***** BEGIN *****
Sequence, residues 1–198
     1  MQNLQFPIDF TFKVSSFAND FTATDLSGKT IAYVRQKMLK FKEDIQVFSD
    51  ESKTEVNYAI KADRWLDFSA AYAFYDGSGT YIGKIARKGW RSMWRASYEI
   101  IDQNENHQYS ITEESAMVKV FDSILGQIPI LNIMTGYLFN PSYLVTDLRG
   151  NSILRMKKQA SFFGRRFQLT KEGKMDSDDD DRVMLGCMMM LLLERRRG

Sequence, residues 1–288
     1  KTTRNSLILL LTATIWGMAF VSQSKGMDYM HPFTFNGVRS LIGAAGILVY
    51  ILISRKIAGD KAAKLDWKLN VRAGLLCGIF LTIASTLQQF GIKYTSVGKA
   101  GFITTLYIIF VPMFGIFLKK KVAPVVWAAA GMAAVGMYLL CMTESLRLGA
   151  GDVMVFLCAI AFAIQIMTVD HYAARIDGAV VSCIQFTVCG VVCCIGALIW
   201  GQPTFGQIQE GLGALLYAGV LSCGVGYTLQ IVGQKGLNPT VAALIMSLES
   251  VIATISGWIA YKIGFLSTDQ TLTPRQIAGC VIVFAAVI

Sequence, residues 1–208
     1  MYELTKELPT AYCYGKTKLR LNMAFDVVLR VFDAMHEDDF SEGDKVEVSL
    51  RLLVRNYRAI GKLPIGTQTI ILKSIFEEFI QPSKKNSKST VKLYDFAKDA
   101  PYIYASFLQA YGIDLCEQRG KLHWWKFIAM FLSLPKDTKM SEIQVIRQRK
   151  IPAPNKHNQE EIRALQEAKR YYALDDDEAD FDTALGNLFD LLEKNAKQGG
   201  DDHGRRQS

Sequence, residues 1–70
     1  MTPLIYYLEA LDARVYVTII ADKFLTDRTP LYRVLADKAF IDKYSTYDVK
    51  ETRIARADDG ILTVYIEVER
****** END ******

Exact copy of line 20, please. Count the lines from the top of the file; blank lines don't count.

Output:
     1  MTPLIYYLEA LDARVYVTII ADKFLTDRTP LYRVLADKAF IDKYSTYDVK